Phosphoglycerate Dehydrogenase Deficiency
What else is it called?
- 3-PGDH deficiency
- 3-phosphoglycerate dehydrogenase deficiency
- PHGDH deficiency
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What causes it?
PHGDH deficiency is autosomal recessive metabolic condition caused by mutations in the PHGDH gene cause phosphoglycerate dehydrogenase deficiency, this gene is involved in making an enzyme called phosphoglycerate dehydrogenase that breaks down the amino acid L-serine. Four PHGDH subunits combine to form the enzyme, if there is a mutation to this then the enzyme can only function partially or may not function at all, leading to a build-up of this metabolite. The metabolite being 3-phosphoglycerate to 3 phosphohydroxypyruvate which is the first step in serine metabolism. L-Serine is important in the development of your child’s spinal cord and functionality of their brain.
The lack of the amino acid L-serine likely prevents the production of proteins and the signalling molecules called neurotransmitters in the brain and impairs the formation of normal cells and myelin [a fatty sheath that surrounds and insulates the cells in the brain]. These disruptions in normal brain development lead to the signs and symptoms of phosphoglycerate dehydrogenase deficiency.
How common is it?
This condition is likely a rare disorder, but its prevalence is unknown. At least 15 cases have been described in the scientific literature. Due to the rare nature of this condition, it is difficult to determine whether it is more common in males or females. Further studies of this condition indicated that the carrier frequency in the Ashkenazi Jewish population was approximately 1 in 453.
What are the signs and symptoms?
Symptoms for this condition usually present from birth. However, as listed below, as the condition progresses so do a few of the symptoms. Some of the signs and symptoms of this condition are:
- Microcephaly [small head circumference]
- Psychomotor retardation
- Moderate developmental delay
- Behavioural disorders appearing in infancy
- Sensory neuropathy
- Ataxia [group of disorders effecting balance, coordination and speech]
- Feeding difficulties in infants
Most affected individuals have the infantile form, which is the most severe form, and are affected from infancy.Individuals with the infantile form of phosphoglycerate dehydrogenase deficiency develop many of the features described above. Symptoms of the juvenile and adult types appear later in life. Individuals with the juvenile form typically have epilepsy as well as mild developmental delay and intellectual disability. Currently, only one case of the adult form has been reported in mid adulthood, the symptoms of this being ataxia and numbness in arms and legs.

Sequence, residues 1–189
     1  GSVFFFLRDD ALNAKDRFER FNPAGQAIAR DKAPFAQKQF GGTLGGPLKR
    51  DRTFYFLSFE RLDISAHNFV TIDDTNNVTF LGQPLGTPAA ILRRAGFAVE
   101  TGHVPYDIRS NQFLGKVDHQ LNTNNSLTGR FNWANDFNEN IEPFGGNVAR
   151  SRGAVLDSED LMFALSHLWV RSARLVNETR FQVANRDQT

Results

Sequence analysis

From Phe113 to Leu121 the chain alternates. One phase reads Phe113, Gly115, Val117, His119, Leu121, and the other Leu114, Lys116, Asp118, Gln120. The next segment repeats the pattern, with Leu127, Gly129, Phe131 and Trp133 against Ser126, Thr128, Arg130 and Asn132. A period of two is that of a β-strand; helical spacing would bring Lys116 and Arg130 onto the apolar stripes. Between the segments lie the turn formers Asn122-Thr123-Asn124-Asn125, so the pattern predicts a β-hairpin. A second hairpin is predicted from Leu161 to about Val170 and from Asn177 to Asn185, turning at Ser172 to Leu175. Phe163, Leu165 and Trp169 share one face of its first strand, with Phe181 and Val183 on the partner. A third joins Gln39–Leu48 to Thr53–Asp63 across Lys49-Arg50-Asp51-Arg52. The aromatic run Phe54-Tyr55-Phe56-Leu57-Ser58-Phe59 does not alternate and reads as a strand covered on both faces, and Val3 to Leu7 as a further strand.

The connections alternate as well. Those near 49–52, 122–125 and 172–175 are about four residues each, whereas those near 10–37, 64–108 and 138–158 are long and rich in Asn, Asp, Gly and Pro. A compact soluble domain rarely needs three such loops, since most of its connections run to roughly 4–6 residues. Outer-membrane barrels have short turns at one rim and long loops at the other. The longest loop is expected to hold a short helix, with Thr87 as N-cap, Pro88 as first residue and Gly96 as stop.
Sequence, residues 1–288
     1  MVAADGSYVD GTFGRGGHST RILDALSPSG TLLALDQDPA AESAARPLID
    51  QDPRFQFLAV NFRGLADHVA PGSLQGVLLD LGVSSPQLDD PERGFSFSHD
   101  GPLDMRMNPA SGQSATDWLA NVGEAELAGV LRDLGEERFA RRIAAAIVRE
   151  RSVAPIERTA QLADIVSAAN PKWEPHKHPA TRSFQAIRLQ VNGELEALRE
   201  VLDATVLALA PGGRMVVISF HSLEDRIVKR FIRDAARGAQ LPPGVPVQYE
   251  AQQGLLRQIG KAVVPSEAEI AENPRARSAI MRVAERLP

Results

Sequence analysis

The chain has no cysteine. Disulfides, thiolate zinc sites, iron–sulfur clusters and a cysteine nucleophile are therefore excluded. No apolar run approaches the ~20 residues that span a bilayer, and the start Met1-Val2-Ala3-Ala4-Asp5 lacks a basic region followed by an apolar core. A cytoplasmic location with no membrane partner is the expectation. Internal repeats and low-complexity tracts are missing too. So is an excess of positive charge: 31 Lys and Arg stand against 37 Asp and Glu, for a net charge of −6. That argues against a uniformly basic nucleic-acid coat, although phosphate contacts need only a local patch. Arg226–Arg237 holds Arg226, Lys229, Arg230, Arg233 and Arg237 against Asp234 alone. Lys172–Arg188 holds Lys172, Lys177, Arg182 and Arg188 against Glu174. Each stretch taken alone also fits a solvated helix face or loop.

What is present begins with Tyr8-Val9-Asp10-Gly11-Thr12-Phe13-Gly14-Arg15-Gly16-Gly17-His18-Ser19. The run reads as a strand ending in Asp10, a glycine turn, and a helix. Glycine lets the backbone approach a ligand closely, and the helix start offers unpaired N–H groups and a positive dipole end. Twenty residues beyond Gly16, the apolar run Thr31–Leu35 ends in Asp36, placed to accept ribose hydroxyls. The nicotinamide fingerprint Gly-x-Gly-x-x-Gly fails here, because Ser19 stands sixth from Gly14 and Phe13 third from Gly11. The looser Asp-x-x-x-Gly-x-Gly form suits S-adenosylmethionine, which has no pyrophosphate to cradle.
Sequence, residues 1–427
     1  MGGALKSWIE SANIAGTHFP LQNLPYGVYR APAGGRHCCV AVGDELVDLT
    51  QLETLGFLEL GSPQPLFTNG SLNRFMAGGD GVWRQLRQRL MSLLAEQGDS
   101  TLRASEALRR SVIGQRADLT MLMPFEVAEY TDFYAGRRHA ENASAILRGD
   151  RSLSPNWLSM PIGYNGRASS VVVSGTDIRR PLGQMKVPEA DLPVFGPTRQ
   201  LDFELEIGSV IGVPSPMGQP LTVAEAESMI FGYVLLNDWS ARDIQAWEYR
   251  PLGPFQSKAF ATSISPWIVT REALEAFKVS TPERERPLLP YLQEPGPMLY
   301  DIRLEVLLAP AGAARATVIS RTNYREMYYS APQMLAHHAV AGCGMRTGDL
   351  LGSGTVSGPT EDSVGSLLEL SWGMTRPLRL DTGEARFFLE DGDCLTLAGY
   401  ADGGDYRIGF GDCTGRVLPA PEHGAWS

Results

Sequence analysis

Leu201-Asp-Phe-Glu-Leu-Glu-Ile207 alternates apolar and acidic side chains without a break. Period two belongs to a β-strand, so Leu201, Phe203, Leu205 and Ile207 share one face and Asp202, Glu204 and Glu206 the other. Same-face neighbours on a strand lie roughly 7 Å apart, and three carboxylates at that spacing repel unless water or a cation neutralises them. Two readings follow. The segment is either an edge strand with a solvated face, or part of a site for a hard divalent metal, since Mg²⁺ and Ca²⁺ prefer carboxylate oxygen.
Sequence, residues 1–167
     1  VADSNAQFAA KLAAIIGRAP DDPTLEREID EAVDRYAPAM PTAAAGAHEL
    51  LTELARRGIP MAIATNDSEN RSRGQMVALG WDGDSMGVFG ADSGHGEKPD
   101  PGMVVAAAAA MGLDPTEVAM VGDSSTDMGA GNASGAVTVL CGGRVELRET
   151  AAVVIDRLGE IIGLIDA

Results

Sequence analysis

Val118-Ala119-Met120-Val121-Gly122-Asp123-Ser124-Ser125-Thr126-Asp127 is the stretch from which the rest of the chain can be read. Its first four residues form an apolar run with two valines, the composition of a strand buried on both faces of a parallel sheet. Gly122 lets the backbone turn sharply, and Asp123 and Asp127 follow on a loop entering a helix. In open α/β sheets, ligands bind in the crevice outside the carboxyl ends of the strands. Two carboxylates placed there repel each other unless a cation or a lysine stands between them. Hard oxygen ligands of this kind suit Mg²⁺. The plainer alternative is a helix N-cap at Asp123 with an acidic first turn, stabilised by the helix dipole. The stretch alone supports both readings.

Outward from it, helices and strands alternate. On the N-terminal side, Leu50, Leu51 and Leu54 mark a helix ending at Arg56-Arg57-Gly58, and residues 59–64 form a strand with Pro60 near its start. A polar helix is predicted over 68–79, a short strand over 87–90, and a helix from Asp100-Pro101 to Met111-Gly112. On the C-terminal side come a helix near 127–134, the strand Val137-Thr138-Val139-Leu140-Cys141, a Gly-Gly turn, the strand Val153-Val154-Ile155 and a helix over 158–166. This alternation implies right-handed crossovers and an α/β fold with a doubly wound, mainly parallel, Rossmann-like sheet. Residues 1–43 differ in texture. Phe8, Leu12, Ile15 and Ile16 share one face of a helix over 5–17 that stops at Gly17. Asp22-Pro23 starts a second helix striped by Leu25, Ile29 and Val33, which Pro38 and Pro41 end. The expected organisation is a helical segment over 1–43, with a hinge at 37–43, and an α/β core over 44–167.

How is it diagnosed?
Diagnosis may occur via amino acid analysis in samples of your child’s urine or from a blood test sample. This test aims to check the levels of amino acid present within a sample to see if they are elevated or lower than expected to make a diagnosis. This may be done over a period of fasting in which the health care professional may ask your child to fast for up to 24 hours.
Previous literature reported that prenatal diagnosis can be made of an affected fetus by DNA mutation analysis [genetic testing].
Can it be treated?
Treatment with oral doses of L-serine has been shown to a reduce the amount of seizures an individual may experience (at a dose of 200 mg/kg/day divided into 3 doses). This has previously been given in an instance of pre-natal diagnosis, to which it the dose of L-serine was effective at increasing the head circumference percentile of a child. However, this Is more likely to be identified pre-Nataly if the adult or father Is a known carrier for this condition.
Treatment is also aimed at managing symptoms as they occur, such as seizures and feeding difficulties. Treatment will be discussed with you upon diagnosis and liaised with a multi-disciplinary team to attend to your child’s needs.
Do my family need to be tested?
PHGDH deficiency can only be passed on to a child if both parents have a copy of the faulty gene. This is called autosomal recessive inheritance. A person who has a copy of the faulty gene is known as a carrier.
If both parents are carriers, their child has a one in four (25%) chance of inheriting the disorder, and a one in two chance (50%) of being a carrier. This is the same for each child the parents have.
If the child only inherits one copy of the faulty gene, they will be a carrier but will not have the disorder. In some rare cases, carriers have had mild symptoms of the disorder for which they carry the faulty gene.
Once you are diagnosed, you can speak to a genetic counsellor. They can explain how you may have inheritedPHGDH deficiency. They can also tell you about genetic testing for the rest of your family. They can provide advice and support if you go on to have children of your own.
If you have previously had a child with PHGDH deficiency and go on to have further children, their New-born Screening test should be carried out within 24-48 hours of birth.